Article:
So you don't have to provide fresh documents every time you go to a bank or a mutual fund, or an insurance company. So that helps in terms of anti-money laundering and terms of underwriting, Especially financials. The digitalization of health, health cards, and our health records, which the government has just begun during COVID times, will also help and in medical underwriting in time, maybe 10 years later. So, I think this kind of hyper personalization and technology enablement will help improve the overall customer experience and reduce the effort of the customer. Thanks to this we can bring out innovative buy now and pay later products. So, buy now, don't give premium now until we are ready to underwrite you, and before we're ready to accept your policy, we will say, okay you are clear. We will ping you only after the services are fully accepted by both parties, rather than you pay upfront. If we reject, we will refund you and recurring more cost. So that's the kind of work which is happening. I think there's still a long distance away from it but baby steps have begun.

Amity:- Taking a few from what you said about the underwriting process and the things like that since you were talking about reimagining the future in the next 5 years like Block Chain Technology, Cloud Computing, and Cognitive computing. These are new technologies, and as I was reading it is like a blockchain based solution. It can combine current death registration and the death claim process into a single simplified procedure requiring minimum intervention from multiple stakeholders. This is making a quantum jump or rather what we say It is termed as "the game-changer", a potential game-changer in the insurance sector. So what are your views on, these technologies, which are like, block chain and cognitive computational? And how will it lead to customer experience what we're talking about?

Mr. V Viswanand: - So, essentially, I know this is about I am going back 4 years. The industry set up two use cases and about half a dozen companies each with their specialist IT teams working on the block chain use cases. It was the area of underwriting and fraud prevention. I think it died a slow death. Again, we are a regulated industry and privacy and security are embedded in regulations. So in such situations do we need to collect all of this? We will try saying, you know, medical records may be private and personal. So let's use block chain there and this was one of the use cases as well, but guess what our medical report is not constant all the time. It's valid for a maximum of a year, after that, we need to test you again. so, then use case breaks unless it is your bank policy every month, right? So, I think that's where we are. But having said that these central databases which are secure and providing the same convenience are available, the customer doesn't mind. He doesn't care what technology you are using. Blockchain or not, as long as you are making his effort low.

So, I think that is working RPI use cases are working in very mundane situations, such as bank reconciliation. Many banks are using RPI for that. But again does it result in cost takeout? Not much, because the cost of labour in India is still very cheap. But it does result in a customer experience improvement and TATs, Turnaround Time dramatically. So we're able to clear claims very quickly.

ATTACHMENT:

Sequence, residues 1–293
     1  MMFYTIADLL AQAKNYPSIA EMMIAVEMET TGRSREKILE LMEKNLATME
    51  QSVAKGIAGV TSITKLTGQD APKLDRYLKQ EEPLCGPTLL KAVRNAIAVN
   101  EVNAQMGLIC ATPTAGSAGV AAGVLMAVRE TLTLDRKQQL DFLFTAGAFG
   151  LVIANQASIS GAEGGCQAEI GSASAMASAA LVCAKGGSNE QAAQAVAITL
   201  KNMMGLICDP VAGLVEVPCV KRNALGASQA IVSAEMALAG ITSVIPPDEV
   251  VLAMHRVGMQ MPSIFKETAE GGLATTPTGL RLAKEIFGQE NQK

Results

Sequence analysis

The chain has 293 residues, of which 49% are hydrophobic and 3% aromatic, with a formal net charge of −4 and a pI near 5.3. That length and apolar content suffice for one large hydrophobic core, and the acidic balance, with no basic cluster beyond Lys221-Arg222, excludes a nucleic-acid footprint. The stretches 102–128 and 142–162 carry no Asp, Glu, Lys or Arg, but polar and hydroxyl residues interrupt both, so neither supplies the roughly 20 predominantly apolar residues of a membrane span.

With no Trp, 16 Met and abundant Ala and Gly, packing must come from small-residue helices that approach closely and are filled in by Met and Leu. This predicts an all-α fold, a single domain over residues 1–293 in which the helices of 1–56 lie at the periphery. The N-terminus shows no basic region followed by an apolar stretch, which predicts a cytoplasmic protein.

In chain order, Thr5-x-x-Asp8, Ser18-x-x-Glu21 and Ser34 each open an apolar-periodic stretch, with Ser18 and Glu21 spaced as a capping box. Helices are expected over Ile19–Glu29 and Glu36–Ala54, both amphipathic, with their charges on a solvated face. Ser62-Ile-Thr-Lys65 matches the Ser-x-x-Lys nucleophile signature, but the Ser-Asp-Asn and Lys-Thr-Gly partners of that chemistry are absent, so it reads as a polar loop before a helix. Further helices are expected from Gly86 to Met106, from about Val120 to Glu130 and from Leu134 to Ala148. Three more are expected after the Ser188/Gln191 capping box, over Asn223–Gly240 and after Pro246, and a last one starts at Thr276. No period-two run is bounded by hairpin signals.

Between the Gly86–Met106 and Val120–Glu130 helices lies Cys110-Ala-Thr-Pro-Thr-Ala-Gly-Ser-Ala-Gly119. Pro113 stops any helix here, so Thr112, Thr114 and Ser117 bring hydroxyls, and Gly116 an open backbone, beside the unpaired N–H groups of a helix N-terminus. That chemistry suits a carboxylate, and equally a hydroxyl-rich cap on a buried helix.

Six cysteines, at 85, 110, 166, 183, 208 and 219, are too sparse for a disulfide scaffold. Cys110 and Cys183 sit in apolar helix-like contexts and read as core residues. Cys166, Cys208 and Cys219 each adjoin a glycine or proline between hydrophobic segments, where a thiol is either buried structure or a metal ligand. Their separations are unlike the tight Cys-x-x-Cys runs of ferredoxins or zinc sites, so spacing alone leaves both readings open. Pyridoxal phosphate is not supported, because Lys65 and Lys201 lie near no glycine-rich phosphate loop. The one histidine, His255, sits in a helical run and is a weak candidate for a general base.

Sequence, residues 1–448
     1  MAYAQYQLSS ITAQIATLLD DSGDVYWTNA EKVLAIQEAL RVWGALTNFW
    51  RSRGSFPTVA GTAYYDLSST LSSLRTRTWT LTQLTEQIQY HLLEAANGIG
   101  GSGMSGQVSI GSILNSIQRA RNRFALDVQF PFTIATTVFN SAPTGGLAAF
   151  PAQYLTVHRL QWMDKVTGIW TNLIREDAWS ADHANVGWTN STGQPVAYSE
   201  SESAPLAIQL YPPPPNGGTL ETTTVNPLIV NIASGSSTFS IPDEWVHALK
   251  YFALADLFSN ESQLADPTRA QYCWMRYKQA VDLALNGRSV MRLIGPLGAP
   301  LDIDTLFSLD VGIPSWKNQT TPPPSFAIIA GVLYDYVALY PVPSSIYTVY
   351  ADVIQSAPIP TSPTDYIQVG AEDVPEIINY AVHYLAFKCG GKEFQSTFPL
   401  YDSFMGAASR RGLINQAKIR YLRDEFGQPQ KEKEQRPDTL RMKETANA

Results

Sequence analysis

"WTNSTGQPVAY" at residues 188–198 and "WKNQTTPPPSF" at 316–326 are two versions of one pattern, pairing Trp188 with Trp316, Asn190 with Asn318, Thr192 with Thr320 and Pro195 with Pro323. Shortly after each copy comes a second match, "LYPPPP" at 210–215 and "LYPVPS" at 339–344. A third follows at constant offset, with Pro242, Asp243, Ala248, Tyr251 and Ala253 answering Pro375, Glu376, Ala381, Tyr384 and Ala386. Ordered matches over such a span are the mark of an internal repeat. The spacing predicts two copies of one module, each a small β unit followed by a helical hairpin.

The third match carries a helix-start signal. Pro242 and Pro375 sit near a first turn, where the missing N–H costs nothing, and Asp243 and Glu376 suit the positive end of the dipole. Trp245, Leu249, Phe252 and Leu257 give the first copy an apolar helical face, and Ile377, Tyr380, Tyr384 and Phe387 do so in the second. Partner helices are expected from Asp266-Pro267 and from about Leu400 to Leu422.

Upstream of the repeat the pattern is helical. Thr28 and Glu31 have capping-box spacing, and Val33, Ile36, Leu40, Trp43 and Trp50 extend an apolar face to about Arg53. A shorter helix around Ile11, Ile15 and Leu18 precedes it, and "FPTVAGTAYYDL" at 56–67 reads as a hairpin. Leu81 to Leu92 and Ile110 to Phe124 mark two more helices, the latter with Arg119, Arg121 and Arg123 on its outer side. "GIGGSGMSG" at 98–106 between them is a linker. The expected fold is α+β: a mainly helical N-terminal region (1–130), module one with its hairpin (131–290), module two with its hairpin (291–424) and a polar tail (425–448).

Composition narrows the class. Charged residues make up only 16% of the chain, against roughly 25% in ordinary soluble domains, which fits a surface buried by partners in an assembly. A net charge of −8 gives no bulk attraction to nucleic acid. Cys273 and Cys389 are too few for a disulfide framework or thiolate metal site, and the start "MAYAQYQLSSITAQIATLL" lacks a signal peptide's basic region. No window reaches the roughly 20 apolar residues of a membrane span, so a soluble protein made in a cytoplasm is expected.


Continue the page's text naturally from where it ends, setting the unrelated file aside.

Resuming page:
Today, more than half of our claims are paid in what we call "insta claims" within 24 hours. In fact, by 3 O'clock If one confirms the documents are OK, we pay the same day the funds in the nominees account for death. So the technology is used like you said use cases to improve customer experiences, significant technologies to improve or reduce cost is still questionable, though the journey has begun.

Amity: - In this unprecedented time how would you like to make your employees future ready? What is your thinking and What are you doing about it?

Mr. V Viswanand: - I always believe that to be future ready you must present ready because if there is no present there is no future. COVID has given us a glimpse of the future which is work from home, work from anywhere. Why should we need these physical meetings and physical workplaces? We conducted an employee survey among our 15000 employees in early April. We found out of the 15000 employees about 13500 are in the field. They are in sales or sales management and their number one issue was how do I achieve my goals in this world of social distancing, how do I achieve goal? Another segment, which is the support function and our corporate support functions in the home office and so on, their issue was different. They said they want a work-life balance. And now, when work begins when the family begins it’s all merged into one thing, and that’s causing stress. So two very different problems. So, how do we go about solving it? The first problem was the field problem because that's a larger number. Our sales business and our customer depend on them. So, what we did, as they are spread out in 322 physical branches and 1500 bank branches where people are present. So it's a large distribution across the country. So, what we did was, we had to transient them from the face to face model to home to home model. From their home to the customer's client home. And somebody said it's not just home to home it might be H to H, or heart to heart because insurance is still an emotional product, because not all left brain, so emotional question has to be added into the digital world.